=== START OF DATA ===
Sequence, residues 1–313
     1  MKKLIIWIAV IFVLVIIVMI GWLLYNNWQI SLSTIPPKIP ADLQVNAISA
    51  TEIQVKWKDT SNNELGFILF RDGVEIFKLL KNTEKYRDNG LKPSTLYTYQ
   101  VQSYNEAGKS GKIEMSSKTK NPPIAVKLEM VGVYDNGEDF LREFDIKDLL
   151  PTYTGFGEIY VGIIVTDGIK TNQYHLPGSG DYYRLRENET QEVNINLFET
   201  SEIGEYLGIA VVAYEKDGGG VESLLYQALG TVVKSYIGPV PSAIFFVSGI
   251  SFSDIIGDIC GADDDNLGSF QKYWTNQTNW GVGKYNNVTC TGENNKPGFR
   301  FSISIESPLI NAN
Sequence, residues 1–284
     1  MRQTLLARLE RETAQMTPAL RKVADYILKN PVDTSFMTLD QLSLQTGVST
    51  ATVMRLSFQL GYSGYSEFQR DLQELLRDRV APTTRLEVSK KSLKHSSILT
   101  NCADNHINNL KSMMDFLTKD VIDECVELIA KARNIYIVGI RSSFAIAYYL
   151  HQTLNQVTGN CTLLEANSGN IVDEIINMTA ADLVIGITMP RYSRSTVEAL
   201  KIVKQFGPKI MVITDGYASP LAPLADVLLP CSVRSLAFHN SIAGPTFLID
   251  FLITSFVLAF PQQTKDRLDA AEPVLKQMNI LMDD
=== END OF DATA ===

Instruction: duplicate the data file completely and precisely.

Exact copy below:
Sequence, residues 1–313
     1  MKKLIIWIAV IFVLVIIVMI GWLLYNNWQI SLSTIPPKIP ADLQVNAISA
    51  TEIQVKWKDT SNNELGFILF RDGVEIFKLL KNTEKYRDNG LKPSTLYTYQ
   101  VQSYNEAGKS GKIEMSSKTK NPPIAVKLEM VGVYDNGEDF LREFDIKDLL
   151  PTYTGFGEIY VGIIVTDGIK TNQYHLPGSG DYYRLRENET QEVNINLFET
   201  SEIGEYLGIA VVAYEKDGGG VESLLYQALG TVVKSYIGPV PSAIFFVSGI
   251  SFSDIIGDIC GADDDNLGSF QKYWTNQTNW GVGKYNNVTC TGENNKPGFR
   301  FSISIESPLI NAN
Sequence, residues 1–284
     1  MRQTLLARLE RETAQMTPAL RKVADYILKN PVDTSFMTLD QLSLQTGVST
    51  ATVMRLSFQL GYSGYSEFQR DLQELLRDRV APTTRLEVSK KSLKHSSILT
   101  NCADNHINNL KSMMDFLTKD VIDECVELIA KARNIYIVGI RSSFAIAYYL
   151  HQTLNQVTGN CTLLEANSGN IVDEIINMTA ADLVIGITMP RYSRSTVEAL
   201  KIVKQFGPKI MVITDGYASP LAPLADVLLP CSVRSLAFHN SIAGPTFLID
   251  FLITSFVLAF PQQTKDRLDA AEPVLKQMNI LMDD